Instead of simply stating that he rejects this aspect of the teachings of Jesus, Mark takes it a step further– condemning those of us who affirm and teach this hallmark of God’s kingdom as false teachers who will one day be slaughtered by the Prince of Peace himself.

Mark writes:

“Jesus is not a pansy or a pacifist; he’s patient. He has a long wick, but the anger of his wrath is burning. Once the wick is burned up, he is saddling up on a white horse and coming to slaughter his enemies and usher in his kingdom. Blood will flow… Some of those whose blood will flow as high as the bit in a horse’s mouth for 184 miles will be those who did not repent of their sin but did wrongly teach that Jesus was a pacifist. Jesus is no one to mess with.

Apparently Pastor Mark is a go-big-or-go-home kinda guy, because by his argument, when Jesus comes back he’d have to slay himself– because Jesus not only taught nonviolence but said that embracing nonviolence is necessary in order to be called “children of your father in heaven”.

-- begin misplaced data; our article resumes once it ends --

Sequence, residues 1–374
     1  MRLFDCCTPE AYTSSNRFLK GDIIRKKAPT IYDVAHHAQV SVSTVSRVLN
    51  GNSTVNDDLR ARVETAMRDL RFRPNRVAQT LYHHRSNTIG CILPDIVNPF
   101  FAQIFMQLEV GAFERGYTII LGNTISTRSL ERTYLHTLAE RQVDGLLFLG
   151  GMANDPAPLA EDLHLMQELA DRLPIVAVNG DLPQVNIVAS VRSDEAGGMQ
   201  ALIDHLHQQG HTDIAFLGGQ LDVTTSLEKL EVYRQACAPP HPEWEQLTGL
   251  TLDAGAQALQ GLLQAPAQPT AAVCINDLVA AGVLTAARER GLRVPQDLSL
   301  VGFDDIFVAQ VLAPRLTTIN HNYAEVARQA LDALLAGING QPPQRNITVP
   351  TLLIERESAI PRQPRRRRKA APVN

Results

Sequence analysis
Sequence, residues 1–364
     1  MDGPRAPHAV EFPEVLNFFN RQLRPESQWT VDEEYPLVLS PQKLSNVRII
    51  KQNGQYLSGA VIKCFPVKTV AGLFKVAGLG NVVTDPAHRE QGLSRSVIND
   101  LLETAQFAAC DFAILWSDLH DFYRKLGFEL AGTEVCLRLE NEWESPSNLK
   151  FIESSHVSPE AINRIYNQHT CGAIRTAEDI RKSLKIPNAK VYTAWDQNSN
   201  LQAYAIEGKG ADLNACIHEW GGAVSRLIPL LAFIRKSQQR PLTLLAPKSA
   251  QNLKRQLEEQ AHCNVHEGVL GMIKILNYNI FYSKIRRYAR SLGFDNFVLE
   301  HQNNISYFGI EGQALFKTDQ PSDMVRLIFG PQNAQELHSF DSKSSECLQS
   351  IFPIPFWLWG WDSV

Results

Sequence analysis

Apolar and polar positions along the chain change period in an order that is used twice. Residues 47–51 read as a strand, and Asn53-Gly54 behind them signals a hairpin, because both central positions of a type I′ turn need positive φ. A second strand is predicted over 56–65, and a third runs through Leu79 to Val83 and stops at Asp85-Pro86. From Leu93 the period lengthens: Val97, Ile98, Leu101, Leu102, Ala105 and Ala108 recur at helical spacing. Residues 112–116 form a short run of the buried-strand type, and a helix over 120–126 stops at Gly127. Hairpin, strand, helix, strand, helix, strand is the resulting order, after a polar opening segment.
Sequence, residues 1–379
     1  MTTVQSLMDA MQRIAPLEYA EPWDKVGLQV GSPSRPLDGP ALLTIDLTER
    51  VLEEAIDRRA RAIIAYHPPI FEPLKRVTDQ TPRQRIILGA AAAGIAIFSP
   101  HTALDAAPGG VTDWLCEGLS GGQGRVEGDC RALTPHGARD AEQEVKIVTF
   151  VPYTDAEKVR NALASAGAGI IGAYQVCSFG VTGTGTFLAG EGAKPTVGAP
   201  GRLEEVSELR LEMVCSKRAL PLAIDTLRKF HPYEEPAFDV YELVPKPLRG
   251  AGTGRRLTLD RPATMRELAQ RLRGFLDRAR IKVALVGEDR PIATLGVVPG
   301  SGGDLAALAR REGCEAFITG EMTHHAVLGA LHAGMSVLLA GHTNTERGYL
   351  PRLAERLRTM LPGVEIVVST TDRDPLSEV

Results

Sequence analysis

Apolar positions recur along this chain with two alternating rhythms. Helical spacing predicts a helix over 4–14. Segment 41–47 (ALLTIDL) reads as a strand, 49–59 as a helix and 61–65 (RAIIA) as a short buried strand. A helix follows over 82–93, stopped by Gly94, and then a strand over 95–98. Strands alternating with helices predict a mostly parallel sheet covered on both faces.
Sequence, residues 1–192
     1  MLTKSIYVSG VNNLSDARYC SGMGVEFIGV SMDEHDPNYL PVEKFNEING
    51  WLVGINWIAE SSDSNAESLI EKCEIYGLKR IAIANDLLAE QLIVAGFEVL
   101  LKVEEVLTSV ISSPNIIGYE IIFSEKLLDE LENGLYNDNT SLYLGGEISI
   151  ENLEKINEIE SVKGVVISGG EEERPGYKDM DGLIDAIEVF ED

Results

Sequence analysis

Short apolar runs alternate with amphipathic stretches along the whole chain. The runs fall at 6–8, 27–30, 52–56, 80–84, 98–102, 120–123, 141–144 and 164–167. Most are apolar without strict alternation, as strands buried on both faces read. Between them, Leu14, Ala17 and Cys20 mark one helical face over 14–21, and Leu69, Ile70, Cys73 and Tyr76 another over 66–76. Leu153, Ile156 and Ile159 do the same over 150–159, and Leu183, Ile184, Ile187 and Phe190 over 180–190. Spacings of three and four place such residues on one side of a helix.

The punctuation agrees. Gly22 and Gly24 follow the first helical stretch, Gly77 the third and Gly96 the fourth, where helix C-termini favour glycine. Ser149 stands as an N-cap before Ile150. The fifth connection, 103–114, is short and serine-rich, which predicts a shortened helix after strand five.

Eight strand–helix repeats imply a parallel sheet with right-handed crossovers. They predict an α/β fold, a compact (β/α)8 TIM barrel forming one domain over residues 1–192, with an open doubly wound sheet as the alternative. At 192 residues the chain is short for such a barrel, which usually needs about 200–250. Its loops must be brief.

I guess that would make Jesus the false teacher of all false teachers.

Thankfully, some of the other “false teachers” out there didn’t take Mark’s post lightly, and have responded with some fantastic pieces that are a little more intellectually honest than Mark’s (ok, a lot more). Here’s a quick plug of the two best responses, which I hope you’ll read each entirely:

Greg Boyd: Greg is basically the most brilliant Bible teacher I know. If you only read one of the resources here, this is the one. In it, Greg reminds us of what I’ve written about previously: Jesus overturned the OT laws on violence, and replaced them with a new ethic of total nonviolence:

“In fact, this “eye for eye” principle is called the lex tallionis (law of retaliation), and it’s at the foundation of all the laws of the OT that require violence against perpetrators. Yet Jesus repudiates this principle and replaces it with his teaching to never “resist [anthistēmi] an evil person” (which, by the way, means that we aren’t to respond to aggression with aggression, not that we’re to do nothing).”
Secondly, Preston Sprinkle from Eternity Bible College who recently wrote a book on Christian Nonviolence, wrote an especially solid piece. Sprinkle in part, says: